Sugar Tart Crust
This is my favorite sweet tart dough due to its crispness, sweetness and ease of preparation. The key is the cake flour, which because of its low protein content, makes the dough particularly crisp and prevents it from shrinking. You do not even need to line it while blind baking; just make sure to chill it well.
Makes 1 10-inch tart crust
1/2 cup (1 stick) unsalted butter, at cool room temperature, cut into small pieces
5 tablespoons sugar
1 large egg yolk
1 1/4 cups sifted cake flour
Coat a 10-inch loose-bottomed fluted tart pan with nonstick spray; set aside.
Beat butter in mixer’s bowl until creamy with flat paddle on medium-high speed, about 1 minute. Add sugar gradually and continue to beat, about 2 minutes at medium-high speed, until lightened and creamy. Beat in the egg yolk until well combined. Add flour and pulse the mixer on and off until it begins to combine, then run mixer on low-medium speed just until dough begins to form. Scrape out onto plastic wrap and use wrap to help press into a ball shape. Wrap the dough thoroughly. Refrigerate for at least 2 hours or overnight.
Roll out on lightly floured surface to a 13-inch round and fit into pan, pressing into corners and trimming top. Refrigerate for at least 2 hours or freeze for 15 minutes while oven preheats. At this point, you can double wrap the tart shell very well in plastic wrap and then aluminum foil and refrigerate up to 2 days before baking, or freeze up to 1 week.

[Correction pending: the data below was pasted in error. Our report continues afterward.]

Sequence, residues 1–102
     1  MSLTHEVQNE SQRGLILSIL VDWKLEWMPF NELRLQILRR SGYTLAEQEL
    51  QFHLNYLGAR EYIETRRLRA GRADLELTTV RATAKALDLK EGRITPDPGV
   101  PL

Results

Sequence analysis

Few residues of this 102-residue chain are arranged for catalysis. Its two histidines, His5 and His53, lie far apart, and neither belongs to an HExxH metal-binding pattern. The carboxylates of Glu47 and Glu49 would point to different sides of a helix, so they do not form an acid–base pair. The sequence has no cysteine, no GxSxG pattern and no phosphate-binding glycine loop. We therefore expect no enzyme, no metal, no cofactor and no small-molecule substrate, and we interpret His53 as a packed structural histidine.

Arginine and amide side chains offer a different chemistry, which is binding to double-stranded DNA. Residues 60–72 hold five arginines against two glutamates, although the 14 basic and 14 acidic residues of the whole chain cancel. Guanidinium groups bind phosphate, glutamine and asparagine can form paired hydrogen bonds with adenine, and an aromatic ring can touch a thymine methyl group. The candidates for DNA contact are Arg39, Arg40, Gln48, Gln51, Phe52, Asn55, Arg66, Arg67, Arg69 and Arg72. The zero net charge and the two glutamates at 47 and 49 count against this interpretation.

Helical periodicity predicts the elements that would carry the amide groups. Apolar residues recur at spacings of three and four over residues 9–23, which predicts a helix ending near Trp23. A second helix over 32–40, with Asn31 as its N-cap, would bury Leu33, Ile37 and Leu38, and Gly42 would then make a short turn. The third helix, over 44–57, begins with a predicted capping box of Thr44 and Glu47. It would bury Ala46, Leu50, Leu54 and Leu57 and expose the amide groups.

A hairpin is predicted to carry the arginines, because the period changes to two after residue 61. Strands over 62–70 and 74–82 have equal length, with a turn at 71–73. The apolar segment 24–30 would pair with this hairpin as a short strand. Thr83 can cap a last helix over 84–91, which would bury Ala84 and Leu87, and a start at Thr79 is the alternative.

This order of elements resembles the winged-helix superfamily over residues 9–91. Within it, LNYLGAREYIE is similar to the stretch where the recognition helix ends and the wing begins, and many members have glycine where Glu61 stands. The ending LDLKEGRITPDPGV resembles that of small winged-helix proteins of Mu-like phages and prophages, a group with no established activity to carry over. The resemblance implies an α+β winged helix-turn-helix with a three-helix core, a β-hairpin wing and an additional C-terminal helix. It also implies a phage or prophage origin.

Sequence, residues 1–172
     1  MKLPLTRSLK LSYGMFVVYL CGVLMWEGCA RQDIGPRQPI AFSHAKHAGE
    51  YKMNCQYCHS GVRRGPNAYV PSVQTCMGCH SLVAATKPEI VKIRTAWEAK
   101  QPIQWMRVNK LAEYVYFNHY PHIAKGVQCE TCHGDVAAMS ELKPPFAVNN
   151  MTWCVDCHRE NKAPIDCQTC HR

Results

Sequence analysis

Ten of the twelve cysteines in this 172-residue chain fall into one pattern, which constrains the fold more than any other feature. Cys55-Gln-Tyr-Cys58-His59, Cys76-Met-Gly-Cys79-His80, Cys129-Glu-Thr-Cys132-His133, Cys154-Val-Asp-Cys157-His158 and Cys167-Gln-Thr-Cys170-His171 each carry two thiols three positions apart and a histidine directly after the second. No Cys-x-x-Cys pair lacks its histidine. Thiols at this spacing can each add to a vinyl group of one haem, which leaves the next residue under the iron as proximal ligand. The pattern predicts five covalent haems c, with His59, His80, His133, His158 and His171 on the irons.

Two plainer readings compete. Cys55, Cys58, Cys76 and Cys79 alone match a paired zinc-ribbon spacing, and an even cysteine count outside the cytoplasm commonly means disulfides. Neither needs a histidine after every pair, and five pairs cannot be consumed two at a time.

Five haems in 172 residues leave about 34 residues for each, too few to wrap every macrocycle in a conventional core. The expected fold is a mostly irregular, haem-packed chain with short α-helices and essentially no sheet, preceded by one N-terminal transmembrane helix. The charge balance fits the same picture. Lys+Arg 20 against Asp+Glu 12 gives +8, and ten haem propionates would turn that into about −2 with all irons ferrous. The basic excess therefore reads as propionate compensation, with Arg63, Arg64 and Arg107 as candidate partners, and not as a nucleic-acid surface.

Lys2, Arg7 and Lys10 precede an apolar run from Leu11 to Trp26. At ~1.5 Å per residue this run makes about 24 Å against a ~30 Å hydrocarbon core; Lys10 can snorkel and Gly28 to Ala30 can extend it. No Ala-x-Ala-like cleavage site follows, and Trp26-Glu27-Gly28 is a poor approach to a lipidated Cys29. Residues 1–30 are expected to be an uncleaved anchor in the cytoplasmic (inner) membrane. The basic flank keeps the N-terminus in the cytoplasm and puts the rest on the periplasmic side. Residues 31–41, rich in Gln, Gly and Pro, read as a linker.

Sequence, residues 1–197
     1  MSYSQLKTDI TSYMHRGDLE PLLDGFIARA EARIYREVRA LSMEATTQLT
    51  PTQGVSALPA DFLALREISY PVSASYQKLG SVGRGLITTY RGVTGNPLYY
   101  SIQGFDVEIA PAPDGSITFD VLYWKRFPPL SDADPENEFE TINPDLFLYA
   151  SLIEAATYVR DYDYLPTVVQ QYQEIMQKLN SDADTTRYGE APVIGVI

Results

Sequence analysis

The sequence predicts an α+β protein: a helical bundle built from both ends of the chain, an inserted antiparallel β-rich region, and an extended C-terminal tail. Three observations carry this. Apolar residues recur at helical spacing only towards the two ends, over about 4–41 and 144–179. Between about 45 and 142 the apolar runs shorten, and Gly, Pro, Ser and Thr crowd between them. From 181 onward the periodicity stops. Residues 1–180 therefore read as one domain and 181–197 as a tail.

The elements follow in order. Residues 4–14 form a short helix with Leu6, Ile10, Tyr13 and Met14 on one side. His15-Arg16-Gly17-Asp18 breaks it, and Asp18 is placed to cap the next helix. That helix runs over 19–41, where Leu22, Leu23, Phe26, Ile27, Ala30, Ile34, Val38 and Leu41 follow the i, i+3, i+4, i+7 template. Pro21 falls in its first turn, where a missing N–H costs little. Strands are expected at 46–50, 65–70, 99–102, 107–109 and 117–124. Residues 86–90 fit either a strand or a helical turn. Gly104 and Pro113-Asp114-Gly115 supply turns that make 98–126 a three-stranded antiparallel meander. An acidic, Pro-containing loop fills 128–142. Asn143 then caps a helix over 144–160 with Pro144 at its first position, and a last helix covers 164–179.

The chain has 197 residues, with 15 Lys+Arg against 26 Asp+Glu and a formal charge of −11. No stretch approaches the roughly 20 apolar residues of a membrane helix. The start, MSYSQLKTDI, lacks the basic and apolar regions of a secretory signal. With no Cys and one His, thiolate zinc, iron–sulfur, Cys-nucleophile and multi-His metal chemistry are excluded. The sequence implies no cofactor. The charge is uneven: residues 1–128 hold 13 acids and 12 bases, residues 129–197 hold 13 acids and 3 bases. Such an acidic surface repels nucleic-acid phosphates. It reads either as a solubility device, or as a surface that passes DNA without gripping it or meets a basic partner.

Position rack in middle of oven. Preheat oven to 350 degrees F. For a partially baked tart shell, bake directly on oven rack for about 8 to 12 minutes or just until it feels dry to the touch and is beginning to color around edges. For a fully baked tart shell, bake directly on oven rack for about 15 to 20 minutes or just until it is very light golden brown. Check about halfway through baking; if crust is puffing up, gently press back down with back of a fork. Cool completely on rack. Fill and proceed as directed in recipes.
Tip: Tart pans are measured in all sorts of ways, it appears, because when you actually measure one that is “supposed” to be 10-inches, you can get everything from 9 3/4-inch all the way up to 10 1/4-inch or odd measurements in-between. I use a true 10-inch pan; take the measurement across the bottom, edge to edge. If you are in a hurry, you can pat the freshly made dough right into the prepared pan using floured fingers. The tart shell will not look as neat as one that is rolled out, but it will work. Chill and proceed as described.